Dinner trains

These runs occupy a similar role to that of a dinner cruise on a tour boat line; they are typically short (an hour to a few hours at most) and operate at relatively slow speeds on otherwise little-used lines. An elaborate dinner served in dining cars or panorama cars often takes up most or all of the time devoted to the trip.

  • The Sierra Railroad in Oakdale, California USA operates dinner trains, beer and champagne runs and murder mystery trips using heritage equipment. A few special/excursion trains (such as a "zombie train" for Halloween) operate seasonally.
  • The Orford Express between Magog and Sherbrooke, Québec, Canada (a sightseeing train) offered dinner aboard a panorama car on a short-haul trip.
  • There is a weekly Tequila Express from Ferrocarril Mexicano station in Guadalajara to the village of Amatitán in Jalisco, where (at the Herradura distillery) the entire tequila production process takes place. The train ride includes mariachi music, along with sample servings of tequila and Corona beer, fruits and cucumber and watermelon sprinkled with paprika.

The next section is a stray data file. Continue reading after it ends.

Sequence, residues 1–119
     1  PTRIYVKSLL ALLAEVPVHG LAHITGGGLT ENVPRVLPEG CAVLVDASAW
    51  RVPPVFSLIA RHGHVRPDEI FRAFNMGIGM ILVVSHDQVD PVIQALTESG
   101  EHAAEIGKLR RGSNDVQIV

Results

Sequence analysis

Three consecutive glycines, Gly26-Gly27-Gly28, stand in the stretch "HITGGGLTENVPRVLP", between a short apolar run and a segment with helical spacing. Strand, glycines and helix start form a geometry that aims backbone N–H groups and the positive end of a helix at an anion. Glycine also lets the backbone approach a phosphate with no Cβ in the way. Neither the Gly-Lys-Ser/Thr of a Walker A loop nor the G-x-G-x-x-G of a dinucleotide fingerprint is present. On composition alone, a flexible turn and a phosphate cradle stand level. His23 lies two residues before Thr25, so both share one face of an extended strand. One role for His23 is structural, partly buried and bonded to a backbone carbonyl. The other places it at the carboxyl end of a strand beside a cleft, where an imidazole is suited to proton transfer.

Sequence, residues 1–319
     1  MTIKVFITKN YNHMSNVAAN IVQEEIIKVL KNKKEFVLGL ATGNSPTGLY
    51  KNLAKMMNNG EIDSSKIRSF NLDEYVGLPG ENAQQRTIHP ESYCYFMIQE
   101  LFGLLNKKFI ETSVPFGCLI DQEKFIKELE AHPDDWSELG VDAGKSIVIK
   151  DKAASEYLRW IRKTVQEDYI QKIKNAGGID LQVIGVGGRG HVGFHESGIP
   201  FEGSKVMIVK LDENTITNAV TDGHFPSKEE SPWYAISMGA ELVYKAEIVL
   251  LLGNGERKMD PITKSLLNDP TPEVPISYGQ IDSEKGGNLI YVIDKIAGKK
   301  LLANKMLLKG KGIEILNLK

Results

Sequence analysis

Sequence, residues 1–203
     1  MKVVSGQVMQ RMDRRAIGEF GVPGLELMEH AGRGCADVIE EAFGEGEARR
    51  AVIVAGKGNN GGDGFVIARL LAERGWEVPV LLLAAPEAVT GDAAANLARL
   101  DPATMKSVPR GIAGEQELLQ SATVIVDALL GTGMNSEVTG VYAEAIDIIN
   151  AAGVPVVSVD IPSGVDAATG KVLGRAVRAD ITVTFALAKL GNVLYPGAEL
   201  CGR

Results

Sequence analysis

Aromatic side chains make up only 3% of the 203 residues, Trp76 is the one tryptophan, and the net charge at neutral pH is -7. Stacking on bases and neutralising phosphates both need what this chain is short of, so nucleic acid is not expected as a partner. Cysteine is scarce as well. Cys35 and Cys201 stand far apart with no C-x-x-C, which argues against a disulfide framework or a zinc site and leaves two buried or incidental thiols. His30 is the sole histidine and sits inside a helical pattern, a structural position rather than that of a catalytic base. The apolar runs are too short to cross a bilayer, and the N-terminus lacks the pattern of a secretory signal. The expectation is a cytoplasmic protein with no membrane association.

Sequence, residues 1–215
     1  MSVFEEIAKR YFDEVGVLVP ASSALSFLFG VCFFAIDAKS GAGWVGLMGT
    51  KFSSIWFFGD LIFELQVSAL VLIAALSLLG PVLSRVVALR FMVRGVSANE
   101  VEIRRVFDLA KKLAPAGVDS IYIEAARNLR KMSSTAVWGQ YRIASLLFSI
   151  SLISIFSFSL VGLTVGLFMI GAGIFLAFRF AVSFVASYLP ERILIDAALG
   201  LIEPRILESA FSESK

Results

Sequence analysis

Park railways

A large park may have a train which makes a circle tour of the park itself without going beyond the park boundary; a monorail at a large zoological garden is a common example. Sometimes these are practical transportation (much like the short-haul train between the terminals of a large airport), but often these are designed for sightseeing and employ novelty or panorama-view cars. A heritage steam train making a circle tour of a pioneer village museum park which could be toured easily on foot is a tourist train.